Hiring a Professional Pays

In the United States, the majority of individuals don’t have any estate planning documents in place. Why is that?

For some, it is difficult and uncomfortable to confront their own mortality. For others, there is a perception that the estate planning process is expensive or only meant for people who are already “successful.” To address this phenomenon, there have been a wave of “budget” and “DIY” estate planning solutions cropping up: online forms, fill-in-the-blank forms, and follow-along books. These companies are marketing their Will-drafting methods as faster, cheaper, and just as good as working with an attorney. Unfortunately, the truth is not as easy as all that.

You Get What You Pay For

Do-it-yourself Will-drafting tools are designed to offer the most basic outline of a Will. Often, these forms employ the “fill-in-the-blank” method and use examples as a way to help you make decisions. However, the examples offered may not fit your situation, and they may lead you to making the closest choice, rather than the right one. As much as we may wish it to be true, drafting a Will is not a simple or one-size-fits-all process. In fact, over-simplifying the process can lead to some seriously damaging results. When things get left out or provisions are too vague or unclear, the decisions about what you meant are left to the probate court. Failure to plan or drafting a plan that is not legally enforceable doesn’t mean you don’t have a plan, it simply means that the state default rules will be applied to your unique family and finances.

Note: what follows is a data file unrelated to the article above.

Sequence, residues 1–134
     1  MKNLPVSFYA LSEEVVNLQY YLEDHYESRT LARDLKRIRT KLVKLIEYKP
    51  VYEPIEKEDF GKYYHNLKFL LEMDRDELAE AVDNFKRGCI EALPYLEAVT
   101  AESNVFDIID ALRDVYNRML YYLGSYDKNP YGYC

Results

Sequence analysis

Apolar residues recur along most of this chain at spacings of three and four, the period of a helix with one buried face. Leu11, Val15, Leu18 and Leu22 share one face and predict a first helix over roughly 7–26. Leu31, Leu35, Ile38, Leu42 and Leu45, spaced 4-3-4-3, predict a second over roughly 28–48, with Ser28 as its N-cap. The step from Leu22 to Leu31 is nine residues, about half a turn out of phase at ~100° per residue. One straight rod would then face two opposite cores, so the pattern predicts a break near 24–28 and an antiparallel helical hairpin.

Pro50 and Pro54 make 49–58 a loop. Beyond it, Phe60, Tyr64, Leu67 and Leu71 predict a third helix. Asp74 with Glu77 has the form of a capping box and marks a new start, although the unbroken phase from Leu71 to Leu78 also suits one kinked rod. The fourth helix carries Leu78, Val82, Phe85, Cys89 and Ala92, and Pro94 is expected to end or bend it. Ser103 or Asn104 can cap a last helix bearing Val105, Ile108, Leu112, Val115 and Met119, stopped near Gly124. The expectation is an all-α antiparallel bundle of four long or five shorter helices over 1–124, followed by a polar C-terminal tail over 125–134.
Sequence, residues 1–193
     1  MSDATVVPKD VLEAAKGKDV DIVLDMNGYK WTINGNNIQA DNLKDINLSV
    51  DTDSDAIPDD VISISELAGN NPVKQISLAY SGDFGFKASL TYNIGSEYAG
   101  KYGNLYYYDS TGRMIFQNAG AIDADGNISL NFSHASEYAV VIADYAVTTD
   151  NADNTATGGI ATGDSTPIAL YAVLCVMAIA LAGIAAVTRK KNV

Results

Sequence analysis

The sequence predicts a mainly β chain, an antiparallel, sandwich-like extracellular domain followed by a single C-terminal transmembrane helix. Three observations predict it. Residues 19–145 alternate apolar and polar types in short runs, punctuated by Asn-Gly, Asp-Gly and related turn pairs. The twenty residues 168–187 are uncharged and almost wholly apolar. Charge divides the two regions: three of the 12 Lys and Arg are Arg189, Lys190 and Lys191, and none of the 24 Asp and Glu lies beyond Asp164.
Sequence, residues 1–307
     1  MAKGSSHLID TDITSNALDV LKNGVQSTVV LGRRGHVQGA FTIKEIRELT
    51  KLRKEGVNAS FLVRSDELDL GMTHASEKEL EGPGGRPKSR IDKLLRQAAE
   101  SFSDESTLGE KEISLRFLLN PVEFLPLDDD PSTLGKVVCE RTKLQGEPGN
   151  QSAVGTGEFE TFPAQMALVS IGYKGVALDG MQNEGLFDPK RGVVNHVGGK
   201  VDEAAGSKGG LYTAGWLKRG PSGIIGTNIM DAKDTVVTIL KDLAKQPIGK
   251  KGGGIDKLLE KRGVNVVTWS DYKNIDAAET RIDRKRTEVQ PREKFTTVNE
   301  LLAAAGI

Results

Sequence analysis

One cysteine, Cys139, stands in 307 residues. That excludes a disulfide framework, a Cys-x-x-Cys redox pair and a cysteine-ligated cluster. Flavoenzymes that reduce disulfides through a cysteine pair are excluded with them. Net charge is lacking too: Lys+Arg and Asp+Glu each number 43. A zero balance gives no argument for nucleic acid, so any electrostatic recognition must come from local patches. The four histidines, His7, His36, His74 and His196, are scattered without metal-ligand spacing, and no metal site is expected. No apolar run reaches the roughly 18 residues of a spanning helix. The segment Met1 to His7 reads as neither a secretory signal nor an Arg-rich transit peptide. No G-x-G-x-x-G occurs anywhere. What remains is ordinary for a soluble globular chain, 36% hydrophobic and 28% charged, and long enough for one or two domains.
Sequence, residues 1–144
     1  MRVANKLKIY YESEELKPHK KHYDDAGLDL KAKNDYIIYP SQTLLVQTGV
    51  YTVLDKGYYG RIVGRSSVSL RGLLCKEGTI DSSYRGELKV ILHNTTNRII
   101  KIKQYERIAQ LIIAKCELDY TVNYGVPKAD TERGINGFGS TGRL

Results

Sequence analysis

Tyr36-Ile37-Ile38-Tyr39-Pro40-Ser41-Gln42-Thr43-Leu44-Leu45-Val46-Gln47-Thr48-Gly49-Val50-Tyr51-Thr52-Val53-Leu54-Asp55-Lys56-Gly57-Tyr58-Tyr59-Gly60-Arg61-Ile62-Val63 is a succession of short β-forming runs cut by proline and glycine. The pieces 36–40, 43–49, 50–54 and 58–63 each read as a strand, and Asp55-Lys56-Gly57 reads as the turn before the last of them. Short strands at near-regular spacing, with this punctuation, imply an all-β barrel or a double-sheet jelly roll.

You May Not Notice Mistakes Until It’s Too Late

To err is human, but mistakes are certainly easier to make when using virtual tools with which we aren’t familiar. Think about completing an online order or filling in a document on your computer or phone. How many times have you entered incorrect information, missed a line, or spent way too much time double checking your answers? When using online forms, it is incredibly common to make mistakes. Sometimes, the mistakes are a result of an imprecise or awkwardly-phrased question. Other times, an error can be as simple as skipping a line or making a typographical error. While this kind of mistake may be easy to correct when filing your tax returns or ordering a delivery online, it can have much longer lasting impacts on your Will. Without a professional to review your documents, a Will can easily create an unintended result or become entirely unenforceable as a result of typographical errors or a simple misunderstanding. For example, typing the wrong name in a box could result in leaving certain assets to the wrong family member or naming the wrong person as executor of your estate.

The worst part about this kind of mistake is the likelihood that it won’t be caught. Unlike filing your taxes online or buying plane tickets through an online retailer, there is no next step after completing a DIY Will. You simply print the document, execute it, and then leave it to the side for some day in the future. Sure, this seems like a great way to check that pesky Will off of the To Do list, but it may not be as effective as you think it is. If there is a mistake on your DIY documents, no one will know about it until after you pass, when the Will is entered with the Court. Only then will it become clear that a mistake has been made, and then, after you’ve passed, you won’t be able to explain what you meant.